(And yes it is a narrative)

I find it interesting to see which articles the NYT allows comments on and those that it doesn’t.

All publishers can get it wrong, sometimes by accident, sometimes, on purpose.

Open comments give the readers the ability to protect each other when it is called for.

Mr. Honan’s desire to see that eliminated is very suspect.

With regard to DPR; I’m here for the comments.


The truth is that all forums attract mentally deranged people.

Forums are the only place where unbalanced people can vent their venom, and get a reaction from normal people who don’t know what hit them.

Its seems to be worst with children, who sometimes take their own lives, when they don’t know how to handle the hatred which is directed at them.

In my opinion there should be tough censorship.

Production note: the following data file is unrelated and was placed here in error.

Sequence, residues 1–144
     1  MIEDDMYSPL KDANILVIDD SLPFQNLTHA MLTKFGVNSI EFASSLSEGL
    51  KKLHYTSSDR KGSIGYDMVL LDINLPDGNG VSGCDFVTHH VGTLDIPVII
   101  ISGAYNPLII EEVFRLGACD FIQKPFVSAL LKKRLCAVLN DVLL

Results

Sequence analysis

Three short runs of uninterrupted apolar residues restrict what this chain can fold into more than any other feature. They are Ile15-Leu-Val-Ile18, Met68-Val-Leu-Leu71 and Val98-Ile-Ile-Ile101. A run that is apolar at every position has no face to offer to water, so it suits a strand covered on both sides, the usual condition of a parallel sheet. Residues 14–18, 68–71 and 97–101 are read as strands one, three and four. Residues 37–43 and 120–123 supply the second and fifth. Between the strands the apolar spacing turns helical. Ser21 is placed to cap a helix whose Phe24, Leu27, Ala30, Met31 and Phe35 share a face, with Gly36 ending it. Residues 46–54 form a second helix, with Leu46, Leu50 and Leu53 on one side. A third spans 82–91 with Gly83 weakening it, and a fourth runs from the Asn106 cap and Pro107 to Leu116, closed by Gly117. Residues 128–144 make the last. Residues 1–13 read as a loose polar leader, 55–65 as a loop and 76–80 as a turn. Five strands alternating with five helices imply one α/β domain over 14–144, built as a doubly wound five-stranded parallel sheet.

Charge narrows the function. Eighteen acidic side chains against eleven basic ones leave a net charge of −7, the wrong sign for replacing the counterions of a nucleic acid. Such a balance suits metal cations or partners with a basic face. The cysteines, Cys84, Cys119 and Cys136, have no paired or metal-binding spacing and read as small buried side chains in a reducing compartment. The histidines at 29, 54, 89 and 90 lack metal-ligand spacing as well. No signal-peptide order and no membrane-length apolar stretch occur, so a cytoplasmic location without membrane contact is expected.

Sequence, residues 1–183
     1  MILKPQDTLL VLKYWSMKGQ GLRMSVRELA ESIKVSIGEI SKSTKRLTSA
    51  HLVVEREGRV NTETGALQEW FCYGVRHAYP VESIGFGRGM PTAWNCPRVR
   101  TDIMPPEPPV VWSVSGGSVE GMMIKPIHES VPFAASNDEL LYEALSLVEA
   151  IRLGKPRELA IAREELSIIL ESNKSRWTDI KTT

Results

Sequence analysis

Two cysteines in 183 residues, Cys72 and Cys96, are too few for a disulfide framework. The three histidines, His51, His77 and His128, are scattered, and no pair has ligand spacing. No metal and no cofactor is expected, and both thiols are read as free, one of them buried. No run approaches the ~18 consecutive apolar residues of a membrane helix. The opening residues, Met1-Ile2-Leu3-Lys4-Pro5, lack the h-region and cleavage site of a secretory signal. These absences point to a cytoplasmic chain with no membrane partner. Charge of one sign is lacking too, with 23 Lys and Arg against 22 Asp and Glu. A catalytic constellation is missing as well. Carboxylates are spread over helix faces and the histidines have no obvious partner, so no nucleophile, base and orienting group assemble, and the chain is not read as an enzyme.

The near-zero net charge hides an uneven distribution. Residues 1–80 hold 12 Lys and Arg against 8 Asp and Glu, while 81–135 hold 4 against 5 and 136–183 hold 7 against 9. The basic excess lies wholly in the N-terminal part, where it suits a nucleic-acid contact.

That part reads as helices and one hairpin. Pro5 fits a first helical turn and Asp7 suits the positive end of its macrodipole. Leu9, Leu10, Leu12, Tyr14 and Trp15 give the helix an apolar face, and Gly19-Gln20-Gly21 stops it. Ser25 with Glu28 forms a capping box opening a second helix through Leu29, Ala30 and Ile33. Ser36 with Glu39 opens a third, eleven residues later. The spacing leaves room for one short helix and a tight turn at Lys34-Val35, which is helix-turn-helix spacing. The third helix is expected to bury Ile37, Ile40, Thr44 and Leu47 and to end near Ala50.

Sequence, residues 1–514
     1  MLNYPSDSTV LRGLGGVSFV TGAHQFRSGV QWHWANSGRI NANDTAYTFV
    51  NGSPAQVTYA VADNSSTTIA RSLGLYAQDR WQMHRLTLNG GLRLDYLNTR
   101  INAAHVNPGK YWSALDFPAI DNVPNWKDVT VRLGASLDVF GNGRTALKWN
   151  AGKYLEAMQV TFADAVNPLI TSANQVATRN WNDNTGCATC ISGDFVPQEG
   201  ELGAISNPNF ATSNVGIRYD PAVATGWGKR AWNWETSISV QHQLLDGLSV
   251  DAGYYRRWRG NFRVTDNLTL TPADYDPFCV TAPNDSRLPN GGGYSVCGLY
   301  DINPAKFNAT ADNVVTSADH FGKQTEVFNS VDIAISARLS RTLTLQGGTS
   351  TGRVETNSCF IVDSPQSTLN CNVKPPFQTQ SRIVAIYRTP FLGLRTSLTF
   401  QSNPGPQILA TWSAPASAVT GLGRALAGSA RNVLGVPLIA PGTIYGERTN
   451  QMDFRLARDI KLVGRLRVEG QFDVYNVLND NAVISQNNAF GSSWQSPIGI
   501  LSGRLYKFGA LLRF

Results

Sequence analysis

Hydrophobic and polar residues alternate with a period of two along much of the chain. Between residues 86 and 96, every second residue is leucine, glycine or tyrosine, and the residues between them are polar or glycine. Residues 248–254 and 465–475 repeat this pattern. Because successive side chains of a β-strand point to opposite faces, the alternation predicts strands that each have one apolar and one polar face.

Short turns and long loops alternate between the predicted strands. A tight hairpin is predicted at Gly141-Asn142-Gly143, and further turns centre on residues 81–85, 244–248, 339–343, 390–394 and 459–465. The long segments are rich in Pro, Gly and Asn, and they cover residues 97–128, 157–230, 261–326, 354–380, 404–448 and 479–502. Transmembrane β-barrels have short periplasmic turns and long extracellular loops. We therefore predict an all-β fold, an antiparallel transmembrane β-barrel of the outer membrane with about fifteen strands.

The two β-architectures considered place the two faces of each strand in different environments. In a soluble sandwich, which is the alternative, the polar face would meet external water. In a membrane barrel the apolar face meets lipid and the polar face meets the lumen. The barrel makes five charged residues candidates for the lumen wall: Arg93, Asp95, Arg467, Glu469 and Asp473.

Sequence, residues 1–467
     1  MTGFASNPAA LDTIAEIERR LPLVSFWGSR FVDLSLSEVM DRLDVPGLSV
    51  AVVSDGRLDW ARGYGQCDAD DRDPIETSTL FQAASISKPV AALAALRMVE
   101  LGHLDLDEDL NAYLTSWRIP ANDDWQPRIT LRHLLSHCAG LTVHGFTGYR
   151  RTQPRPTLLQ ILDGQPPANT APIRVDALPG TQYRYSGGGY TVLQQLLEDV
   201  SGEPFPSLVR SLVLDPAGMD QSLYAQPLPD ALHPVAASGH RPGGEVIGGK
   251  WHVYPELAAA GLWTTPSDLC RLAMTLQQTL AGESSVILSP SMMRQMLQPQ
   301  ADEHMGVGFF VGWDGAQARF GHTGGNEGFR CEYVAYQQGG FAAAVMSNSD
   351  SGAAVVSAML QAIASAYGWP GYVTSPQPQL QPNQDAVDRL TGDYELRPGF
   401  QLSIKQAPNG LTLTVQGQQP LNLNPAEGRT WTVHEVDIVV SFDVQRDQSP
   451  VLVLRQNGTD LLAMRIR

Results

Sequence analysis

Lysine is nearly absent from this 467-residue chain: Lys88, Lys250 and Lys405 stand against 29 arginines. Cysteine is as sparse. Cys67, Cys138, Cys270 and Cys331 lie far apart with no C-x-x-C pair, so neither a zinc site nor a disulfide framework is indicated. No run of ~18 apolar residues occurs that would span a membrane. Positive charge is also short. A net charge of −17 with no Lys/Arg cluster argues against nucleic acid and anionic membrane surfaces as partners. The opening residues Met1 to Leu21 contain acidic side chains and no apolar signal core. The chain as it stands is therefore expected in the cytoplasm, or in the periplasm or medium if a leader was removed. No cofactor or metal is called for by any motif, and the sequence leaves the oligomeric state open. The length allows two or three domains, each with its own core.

OK DPR, can I/we Samsung NX300 NX camera system users know,

1. What was the real reason DPR have not review this fantastically reviewed/reported Samsung NX300 camera by others, including TIPA and EISA?

2. If DPR did not get this NX300 camera from Samsung as review sample, will DPR review it if NX300 user’s willing to T-Loan the camera to DPR?

I/we need to know the true reason to why, not some general way of DPR turning down the request reply.

Millions thanks in advance. 🙂


Why do you need *another* review if you are already sure that it’s a fantastic camera?

Do you really need DPRs approval before you can feel good about something you’ve spent money on? A fine compliment for the site if it is.